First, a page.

Partially reversing a $226.3 million damages award, the Court of Appeals for the Federal Circuit held that a jury should not have awarded damages on non-infringing “pull-through” products sold in conjunction with patented screws. DePuy Spine, Inc. v. Medtronic Sofamor Danek, Inc., Case Nos. 2008-1240, -1253, -1401 (Fed. Cir., June 1, 2009) (Linn, J).

In September 2007, a jury found that Medtronic’s Vertex screws infringed DePuy’s patent for a polyaxial screw implant device that stabilizes spinal column segments during surgery. The verdict directed Medtronic to pay the plaintiffs $226.3 million in lost profits, $149.1 million in lost profits on patented pedicle screws and $77.2 million in lost profits on unpatented, “pull-through” products.

On appeal, the district court judgment was affirmed in part and reversed in part. In particular, the Federal Circuit found that the lower court properly denied the defendant’s ensnarement defense, as the combination of two reference patents did not render the hypothetical claim obvious; correctly denied the defendant’s motion for judgment as a matter of law (JMOL) on lost profits of patented screws, and thus properly awarded the plaintiff lost-profits damages; improperly awarded lost-profit damages on the unpatented pull-through products, as the products did not compete or function with the patented invention; properly denied the plaintiff’s motion for a new trial on the issue of reasonable-royalty damages as the plaintiff failed to timely object to the jury's inconsistent award; properly granted the defendant’s motion for JMOL of no willfulness in the infringement; and erred in its exceptionality finding, and thus also in the imposition of attorneys’ fees and sanctions against defendant for litigation misconduct.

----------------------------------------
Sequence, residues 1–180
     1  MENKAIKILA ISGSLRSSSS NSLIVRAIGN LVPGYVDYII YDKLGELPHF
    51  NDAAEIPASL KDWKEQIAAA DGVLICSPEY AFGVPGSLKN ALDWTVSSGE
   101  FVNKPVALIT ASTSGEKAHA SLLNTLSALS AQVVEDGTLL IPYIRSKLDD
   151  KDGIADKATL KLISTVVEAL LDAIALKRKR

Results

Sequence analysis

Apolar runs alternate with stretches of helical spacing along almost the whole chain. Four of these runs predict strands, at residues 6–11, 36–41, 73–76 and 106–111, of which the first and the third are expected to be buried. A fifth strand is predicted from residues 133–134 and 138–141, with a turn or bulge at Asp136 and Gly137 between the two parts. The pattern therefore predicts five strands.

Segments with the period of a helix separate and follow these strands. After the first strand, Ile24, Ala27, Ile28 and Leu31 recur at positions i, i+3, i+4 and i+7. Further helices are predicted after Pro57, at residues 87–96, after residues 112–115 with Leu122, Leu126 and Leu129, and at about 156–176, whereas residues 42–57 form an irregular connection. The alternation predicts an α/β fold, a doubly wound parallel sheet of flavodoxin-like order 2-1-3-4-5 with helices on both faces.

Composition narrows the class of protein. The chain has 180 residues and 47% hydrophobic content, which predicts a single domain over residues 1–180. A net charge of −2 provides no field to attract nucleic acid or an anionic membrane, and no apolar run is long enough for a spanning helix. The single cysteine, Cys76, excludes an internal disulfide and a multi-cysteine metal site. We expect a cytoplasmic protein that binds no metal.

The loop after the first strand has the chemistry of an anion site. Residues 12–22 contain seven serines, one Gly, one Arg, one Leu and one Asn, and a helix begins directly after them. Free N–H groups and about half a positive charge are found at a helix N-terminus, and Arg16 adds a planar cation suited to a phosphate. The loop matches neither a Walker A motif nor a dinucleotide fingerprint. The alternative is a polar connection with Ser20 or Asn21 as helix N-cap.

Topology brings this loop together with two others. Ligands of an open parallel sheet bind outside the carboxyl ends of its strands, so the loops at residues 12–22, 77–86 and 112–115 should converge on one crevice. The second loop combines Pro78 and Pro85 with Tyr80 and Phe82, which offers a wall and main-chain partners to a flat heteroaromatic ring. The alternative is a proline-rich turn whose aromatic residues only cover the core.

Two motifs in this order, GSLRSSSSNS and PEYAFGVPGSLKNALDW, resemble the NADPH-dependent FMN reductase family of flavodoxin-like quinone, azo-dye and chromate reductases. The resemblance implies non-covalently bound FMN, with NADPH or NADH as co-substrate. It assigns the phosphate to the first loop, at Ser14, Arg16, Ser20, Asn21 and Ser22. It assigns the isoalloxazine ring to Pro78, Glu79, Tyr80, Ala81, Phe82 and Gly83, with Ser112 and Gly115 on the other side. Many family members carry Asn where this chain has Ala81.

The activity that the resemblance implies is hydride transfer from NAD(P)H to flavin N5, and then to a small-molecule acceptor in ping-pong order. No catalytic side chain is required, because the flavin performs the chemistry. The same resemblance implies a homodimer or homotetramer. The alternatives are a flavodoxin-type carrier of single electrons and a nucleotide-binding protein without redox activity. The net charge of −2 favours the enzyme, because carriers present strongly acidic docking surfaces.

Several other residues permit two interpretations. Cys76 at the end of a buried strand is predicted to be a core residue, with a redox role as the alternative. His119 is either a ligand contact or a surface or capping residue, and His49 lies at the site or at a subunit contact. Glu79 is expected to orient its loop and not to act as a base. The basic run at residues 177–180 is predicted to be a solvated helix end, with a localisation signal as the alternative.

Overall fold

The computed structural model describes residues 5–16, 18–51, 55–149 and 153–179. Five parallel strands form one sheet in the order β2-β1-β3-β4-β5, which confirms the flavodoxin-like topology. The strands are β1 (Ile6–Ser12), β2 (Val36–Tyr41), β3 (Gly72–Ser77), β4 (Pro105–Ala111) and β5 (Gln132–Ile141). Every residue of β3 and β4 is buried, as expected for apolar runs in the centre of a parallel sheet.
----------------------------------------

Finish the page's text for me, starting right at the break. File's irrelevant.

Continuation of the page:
The Court reversed the $77.2 million in lost profits awarded against Medtronic for the related, non-infringing products, but refused to alter the other $149.1 million in lost profits that the jury had granted DePuy. The Court rejected the jury’s award of damages for “pull-through” products—such as head braces and vests—that do not compete directly with DePuy’s spinal screws, stating “the jury had no legal basis to award lost profits on DePuy’s un-patented pull-through products, which neither compete nor function with its patented pedicle screws.” The Court explained that “a patentee may recover lost profits on unpatented components sold with a patented item, a convoyed sale, if both the patented and unpatented products ‘together were considered to be components of a single assembly or parts of a complete machine, or they together constituted a functional unit.’” Lost profits cannot be recovered on unpatented items that may have been sold with an infringing device only as a matter of convenience or business advantage.